Over his 43 appearances in 2015-16 for Charlotte, Daniels came up a little short of the numbers he posted in limited time with the Hornets in 2014-15. His per 36 and per game numbers both come up short. Of course, the caveat is the limited sample size of just 11 games for Charlotte last season. One important unit of measurement that smiles on Daniels is his shooting accuracy. His scoring may be down over the previous set of games for the Hornets, but he is converting at a higher rate on the opportunities that he is getting. This might be an indicator that Daniels is more efficient given an exact drop in his usage year-over-year of one percent from last season.
To get a better idea of what Daniels can do for a team when given the opportunity, I will refer back to this video from Charlotte's April 11 matchup against the Boston Celtics.
Note that Daniels missed two shots, one of which involved him coming off the dribble. However, when he was able to simply spot up, he knocked them down.
A better measure might be to look at the overall Hornets roster this year that feature Batum and Jeremy Lin. Lin serves as a capable backup point guard, but he can also be featured in the shooting guard slot. That is a position that Batum can also occupy, depending on the health of Michael Kidd-Gilchrist. The vast spoils of talent on the Hornets roster is a recent, but good, problem for the team while it makes the individual case of Daniels more complicated.
The Hornets are focused on re-signing Batum as their first offseason priority, but they will also look to retain Lin and big man extraordinaire Al Jefferson has indicated he would take a paycut to remain in Charlotte. With all of these options on the table, the other rumored want for the Hornets front office is a big man a la Dwight Howard, Hassan Whiteside or whoever else an unfounded rumor can be scared up about during the down news cycle of the summer that is looming.
This is both good and bad for the nomadic shooter. Young players thrive in a consistent environment and that has been absent from the early years of Daniels' NBA career. Still, with his clearly defined skill set — offense, more specifically 3-point offense — there should always be a job for the low-key guard.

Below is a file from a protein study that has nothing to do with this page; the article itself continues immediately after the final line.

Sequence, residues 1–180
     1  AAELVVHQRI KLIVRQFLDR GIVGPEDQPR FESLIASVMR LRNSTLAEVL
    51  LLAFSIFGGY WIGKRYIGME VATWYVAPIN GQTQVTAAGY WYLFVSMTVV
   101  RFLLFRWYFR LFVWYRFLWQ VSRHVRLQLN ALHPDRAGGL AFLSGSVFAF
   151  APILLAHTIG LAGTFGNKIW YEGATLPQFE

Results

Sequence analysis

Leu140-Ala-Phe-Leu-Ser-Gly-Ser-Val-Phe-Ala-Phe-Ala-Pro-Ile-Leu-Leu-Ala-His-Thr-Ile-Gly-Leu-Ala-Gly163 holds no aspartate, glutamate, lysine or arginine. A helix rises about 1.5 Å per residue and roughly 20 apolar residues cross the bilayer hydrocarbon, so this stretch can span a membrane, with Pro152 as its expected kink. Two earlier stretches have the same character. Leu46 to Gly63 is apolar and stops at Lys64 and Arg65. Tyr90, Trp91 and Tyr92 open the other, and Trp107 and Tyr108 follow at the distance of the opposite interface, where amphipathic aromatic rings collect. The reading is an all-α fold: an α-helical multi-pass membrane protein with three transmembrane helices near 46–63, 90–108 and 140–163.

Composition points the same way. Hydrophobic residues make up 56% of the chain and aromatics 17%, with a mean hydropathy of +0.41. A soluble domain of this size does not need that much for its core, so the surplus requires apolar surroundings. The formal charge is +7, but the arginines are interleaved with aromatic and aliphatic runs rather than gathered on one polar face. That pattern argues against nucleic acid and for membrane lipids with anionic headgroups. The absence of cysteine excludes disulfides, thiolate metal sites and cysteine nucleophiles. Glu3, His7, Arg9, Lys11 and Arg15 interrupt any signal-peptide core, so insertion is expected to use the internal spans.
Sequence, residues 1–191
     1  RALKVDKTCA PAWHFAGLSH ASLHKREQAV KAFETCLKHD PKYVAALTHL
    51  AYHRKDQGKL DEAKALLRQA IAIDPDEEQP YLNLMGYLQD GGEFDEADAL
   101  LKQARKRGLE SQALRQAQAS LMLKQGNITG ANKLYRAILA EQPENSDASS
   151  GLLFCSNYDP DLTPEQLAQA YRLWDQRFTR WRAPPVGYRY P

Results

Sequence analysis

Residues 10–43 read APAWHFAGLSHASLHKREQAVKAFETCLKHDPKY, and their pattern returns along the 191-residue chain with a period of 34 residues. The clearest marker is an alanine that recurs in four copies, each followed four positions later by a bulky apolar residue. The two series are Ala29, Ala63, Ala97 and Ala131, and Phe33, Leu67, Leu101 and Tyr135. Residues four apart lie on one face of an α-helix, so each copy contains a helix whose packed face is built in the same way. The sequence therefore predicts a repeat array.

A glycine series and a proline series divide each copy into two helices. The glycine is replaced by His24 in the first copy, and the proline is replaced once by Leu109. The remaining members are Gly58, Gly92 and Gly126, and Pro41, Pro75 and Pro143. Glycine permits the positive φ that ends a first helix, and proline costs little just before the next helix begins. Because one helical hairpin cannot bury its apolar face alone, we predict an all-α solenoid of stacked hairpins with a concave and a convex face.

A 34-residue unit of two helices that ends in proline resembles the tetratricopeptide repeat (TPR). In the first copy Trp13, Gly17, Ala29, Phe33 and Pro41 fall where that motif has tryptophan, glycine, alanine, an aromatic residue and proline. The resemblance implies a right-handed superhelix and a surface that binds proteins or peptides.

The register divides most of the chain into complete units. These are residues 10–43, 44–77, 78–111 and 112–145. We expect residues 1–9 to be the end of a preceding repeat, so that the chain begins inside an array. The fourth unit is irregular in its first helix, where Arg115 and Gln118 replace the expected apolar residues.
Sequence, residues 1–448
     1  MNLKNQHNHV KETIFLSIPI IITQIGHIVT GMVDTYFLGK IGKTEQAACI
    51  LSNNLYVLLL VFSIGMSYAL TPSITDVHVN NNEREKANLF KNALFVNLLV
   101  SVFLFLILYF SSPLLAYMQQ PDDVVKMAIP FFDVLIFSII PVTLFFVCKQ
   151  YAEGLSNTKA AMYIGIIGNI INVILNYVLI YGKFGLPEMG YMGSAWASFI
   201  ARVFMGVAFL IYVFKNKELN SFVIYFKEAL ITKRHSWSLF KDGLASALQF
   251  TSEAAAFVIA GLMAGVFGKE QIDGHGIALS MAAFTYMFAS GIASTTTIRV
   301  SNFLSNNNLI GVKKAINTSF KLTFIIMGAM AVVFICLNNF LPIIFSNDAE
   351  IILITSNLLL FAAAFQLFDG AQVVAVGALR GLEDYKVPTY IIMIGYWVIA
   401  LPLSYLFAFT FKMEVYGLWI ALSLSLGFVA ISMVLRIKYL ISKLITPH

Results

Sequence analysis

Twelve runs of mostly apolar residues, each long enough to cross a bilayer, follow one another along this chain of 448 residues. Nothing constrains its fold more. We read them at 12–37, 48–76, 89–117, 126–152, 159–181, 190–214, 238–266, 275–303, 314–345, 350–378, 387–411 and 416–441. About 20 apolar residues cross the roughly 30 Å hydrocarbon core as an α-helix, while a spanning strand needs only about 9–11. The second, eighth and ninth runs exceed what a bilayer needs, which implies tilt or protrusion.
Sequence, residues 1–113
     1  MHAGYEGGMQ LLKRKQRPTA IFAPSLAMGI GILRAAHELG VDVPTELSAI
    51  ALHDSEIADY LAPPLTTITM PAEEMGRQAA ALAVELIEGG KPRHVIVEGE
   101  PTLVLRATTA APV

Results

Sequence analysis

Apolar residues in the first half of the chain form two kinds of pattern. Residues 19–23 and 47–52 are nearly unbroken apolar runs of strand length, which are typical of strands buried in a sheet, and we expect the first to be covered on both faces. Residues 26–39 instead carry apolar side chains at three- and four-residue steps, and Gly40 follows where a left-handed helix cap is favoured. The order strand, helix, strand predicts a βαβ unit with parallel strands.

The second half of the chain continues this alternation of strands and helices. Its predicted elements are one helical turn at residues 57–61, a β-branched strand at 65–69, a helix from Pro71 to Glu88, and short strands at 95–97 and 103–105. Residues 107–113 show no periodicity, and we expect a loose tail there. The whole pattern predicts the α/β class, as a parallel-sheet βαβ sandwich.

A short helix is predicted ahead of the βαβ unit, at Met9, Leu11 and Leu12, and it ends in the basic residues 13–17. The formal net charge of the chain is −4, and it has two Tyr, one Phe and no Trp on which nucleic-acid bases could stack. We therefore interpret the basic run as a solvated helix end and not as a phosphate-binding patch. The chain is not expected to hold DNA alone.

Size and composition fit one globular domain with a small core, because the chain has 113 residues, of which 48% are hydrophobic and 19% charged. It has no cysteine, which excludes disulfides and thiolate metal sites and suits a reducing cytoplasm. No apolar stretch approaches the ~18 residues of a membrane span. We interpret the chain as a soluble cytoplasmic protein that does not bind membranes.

Assuming that Lee isn't back with Charlotte next season, the Hornets will look to lock up Batum and his high price tag while chasing at least one other bigger spend to add for the 2016-17 roster and having a player capable of contributing the way that Daniels does while not impacting the bottom line in any significant way could be very attractive, but more attractive than he will be to other teams? That remains to be seen. Head coach Steve Clifford seems to have started to lean on Daniels a bit after losing all faith in Jeremy Lamb.
While Lamb started strong and faded, Daniels stayed consistent in his skills as he started to take more playing time away from Lamb as the season progressed. That would seem to be favorable to Daniels heading into the offseason. His performance easily outshined that of Lamb and the freshness in memory of how the season ended could have Daniels back in a Charlotte uniform for the 2016-17 season.
Hopefully, Daniels will be back in Charlotte as a bench player where his prolific shooting ability would help the second and third units maintain continuity with the offensive philosophy of the starting five. No matter if he ends up with the Hornets or another team in 2016, he would benefit from consistency and the opportunity to expand on his talented shooting ability.